By knowing whether a patient is lesbian, gay, bisexual, transgender or straight, say public health experts, clinicians can be more alert to a person’s medical needs and more thoughtful in interactions. If hospitals report statistics on all patients, health care disparities among L.G.B.T. patients can be identified and redressed more effectively.
But most doctors and nurses are in no rush to comply. In several studies, they have said they feel uneasy about asking because they don’t want to make patients uncomfortable.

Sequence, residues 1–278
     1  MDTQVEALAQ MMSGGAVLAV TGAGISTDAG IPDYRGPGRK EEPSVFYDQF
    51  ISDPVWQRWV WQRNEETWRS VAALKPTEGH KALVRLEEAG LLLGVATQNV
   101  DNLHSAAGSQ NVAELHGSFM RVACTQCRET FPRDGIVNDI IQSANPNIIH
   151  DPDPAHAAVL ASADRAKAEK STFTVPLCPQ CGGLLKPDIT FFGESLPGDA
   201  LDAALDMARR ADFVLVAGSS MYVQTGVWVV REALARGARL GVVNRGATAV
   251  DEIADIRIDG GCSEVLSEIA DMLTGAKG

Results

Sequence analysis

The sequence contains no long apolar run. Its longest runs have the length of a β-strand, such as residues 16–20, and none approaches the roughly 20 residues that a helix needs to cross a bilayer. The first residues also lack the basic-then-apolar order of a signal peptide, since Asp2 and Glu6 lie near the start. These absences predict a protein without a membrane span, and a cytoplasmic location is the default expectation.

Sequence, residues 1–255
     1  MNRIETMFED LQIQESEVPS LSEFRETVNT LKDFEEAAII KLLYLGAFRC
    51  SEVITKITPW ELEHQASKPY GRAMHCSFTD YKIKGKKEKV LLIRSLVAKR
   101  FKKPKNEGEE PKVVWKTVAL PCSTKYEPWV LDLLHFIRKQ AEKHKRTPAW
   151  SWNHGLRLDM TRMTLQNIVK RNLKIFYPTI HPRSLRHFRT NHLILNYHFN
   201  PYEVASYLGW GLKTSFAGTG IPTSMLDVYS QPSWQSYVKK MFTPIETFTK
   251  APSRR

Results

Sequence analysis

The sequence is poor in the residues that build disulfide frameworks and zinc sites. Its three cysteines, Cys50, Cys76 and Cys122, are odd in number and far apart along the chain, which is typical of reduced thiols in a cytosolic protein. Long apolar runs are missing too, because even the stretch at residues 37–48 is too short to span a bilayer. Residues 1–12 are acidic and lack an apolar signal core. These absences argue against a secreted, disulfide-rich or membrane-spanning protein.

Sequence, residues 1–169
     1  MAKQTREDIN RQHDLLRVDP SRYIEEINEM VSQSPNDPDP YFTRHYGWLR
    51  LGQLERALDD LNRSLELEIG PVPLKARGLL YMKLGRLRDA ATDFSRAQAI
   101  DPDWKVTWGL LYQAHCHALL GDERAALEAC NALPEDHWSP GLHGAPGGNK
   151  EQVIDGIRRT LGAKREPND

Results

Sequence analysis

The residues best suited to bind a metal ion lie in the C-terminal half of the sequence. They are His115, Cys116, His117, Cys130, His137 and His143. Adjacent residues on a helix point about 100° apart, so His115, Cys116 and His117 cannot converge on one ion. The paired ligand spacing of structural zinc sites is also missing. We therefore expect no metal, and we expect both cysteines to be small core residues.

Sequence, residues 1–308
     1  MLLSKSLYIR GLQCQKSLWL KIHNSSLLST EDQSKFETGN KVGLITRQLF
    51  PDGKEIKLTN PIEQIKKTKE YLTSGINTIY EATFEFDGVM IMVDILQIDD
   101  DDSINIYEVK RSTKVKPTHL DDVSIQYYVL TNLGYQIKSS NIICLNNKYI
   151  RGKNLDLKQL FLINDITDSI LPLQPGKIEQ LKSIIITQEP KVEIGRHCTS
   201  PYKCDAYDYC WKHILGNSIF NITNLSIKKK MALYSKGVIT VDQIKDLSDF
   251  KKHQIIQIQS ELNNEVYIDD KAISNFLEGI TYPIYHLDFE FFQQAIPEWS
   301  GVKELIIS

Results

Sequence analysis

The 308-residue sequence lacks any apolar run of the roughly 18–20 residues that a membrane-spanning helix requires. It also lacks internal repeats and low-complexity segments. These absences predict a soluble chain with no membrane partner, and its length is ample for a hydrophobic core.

Research now suggests those assumptions may be wrong.
A new study of both patients and providers in the journal JAMA Internal Medicine looked at the feasibility of gathering such information in emergency departments. Nearly 80 percent of providers surveyed believed that patients would refuse to disclose their sexual orientation.